Vikings busy investigating quarterbacks

Christian Ponder (Kevin Carden/

The Vikings can't be accused of not trying to get all the information they can on the top quarterbacks. Their national tour to see the best prospects continues this week.

The Vikings are paying more than lip service when showing their interest in the quarterback crop in next month's draft. They aren't letting their mouths do the talking. They've been on the road letting their eyes do the scouting for them.

The Vikings were well-represented Tuesday in Tallahassee, Fla., to work out Florida State quarterback Christian Ponder, according to Ponder worked out in front of a full contingent of Vikings offensive representatives, which included head coach Leslie Frazier, offensive coordinator Bill Musgrave and quarterbacks coach Craig Johnson. Vice president of player personnel Rick Spielman was also rumored to have been in attendance at the workout. The same contingent is scheduled to travel to Auburn, Ala., today to work out Cam Newton.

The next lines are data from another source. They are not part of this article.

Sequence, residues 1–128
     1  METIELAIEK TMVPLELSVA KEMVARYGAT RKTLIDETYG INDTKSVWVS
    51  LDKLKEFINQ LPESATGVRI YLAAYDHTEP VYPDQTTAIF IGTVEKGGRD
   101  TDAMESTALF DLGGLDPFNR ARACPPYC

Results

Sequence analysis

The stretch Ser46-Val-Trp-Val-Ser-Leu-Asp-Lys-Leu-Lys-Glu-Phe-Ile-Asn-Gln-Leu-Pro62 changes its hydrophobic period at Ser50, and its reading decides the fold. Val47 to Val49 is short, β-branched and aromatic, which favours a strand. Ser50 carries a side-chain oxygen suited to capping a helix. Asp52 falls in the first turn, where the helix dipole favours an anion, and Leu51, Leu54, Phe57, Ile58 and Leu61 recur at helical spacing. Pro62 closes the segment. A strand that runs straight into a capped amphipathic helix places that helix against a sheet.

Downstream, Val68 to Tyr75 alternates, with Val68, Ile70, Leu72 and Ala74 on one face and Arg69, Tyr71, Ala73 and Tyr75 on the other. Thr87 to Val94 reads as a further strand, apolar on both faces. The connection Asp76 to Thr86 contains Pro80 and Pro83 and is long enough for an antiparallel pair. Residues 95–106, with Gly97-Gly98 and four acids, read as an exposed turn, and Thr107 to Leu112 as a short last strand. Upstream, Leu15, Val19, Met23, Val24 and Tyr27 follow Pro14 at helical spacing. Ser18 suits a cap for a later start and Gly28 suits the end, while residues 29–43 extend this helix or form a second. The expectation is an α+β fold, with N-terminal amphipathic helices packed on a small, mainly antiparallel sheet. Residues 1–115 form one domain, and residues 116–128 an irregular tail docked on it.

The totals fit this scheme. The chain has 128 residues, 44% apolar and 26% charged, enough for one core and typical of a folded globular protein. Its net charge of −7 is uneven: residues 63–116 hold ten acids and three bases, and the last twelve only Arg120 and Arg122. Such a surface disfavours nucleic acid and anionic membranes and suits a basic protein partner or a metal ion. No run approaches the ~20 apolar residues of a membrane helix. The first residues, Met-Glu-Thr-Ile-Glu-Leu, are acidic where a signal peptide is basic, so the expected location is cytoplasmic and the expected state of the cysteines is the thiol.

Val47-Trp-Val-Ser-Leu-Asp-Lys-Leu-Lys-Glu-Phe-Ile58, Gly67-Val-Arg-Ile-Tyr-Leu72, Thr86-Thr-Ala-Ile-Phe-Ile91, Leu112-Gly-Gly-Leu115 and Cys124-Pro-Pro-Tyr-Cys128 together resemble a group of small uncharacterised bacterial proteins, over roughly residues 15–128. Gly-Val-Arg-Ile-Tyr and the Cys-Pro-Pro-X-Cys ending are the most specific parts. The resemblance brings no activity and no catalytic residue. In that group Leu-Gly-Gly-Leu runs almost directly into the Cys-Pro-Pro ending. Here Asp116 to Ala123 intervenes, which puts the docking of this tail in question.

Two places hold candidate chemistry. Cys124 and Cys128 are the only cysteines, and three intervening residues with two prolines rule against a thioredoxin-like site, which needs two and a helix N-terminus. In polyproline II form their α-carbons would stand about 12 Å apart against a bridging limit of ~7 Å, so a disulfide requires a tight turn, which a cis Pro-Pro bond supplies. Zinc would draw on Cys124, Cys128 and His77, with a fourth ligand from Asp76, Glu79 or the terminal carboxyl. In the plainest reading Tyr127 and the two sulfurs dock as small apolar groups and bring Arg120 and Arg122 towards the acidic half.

The schedule of player visits comes after the team reportedly already worked out Jake Locker of Washington and Ricky Stanzi of Iowa – another pair of quarterbacks expected to go in the first couple of rounds of April's draft. In addition to pro-day workouts that the team has attended, there isn't a quarterback on their radar that they haven't seen in person and the only two with starter potential they haven't formally worked out (that we know of) are Missouri's Blaine Gabbert and Arkansas' Ryan Mallett – the former is expected to be long gone by the time the Vikings pick and the latter is a player who has been linked to the Vikings in numerous mock draft scenarios. The Vikings had a "get-to-know-you" dinner with Gabbert following his Pro Day March 17.

Ponder, who battled arm injuries last season at Florida State, is a three-year starter at FSU who is viewed as one of the most cerebral college quarterbacks in several years and an unquestioned leader. However, there are significant questions about his ability to throw the needed passes that quarterbacks have to make at the NFL level – not just making the throw, but make the throw with zip and velocity in a confined space.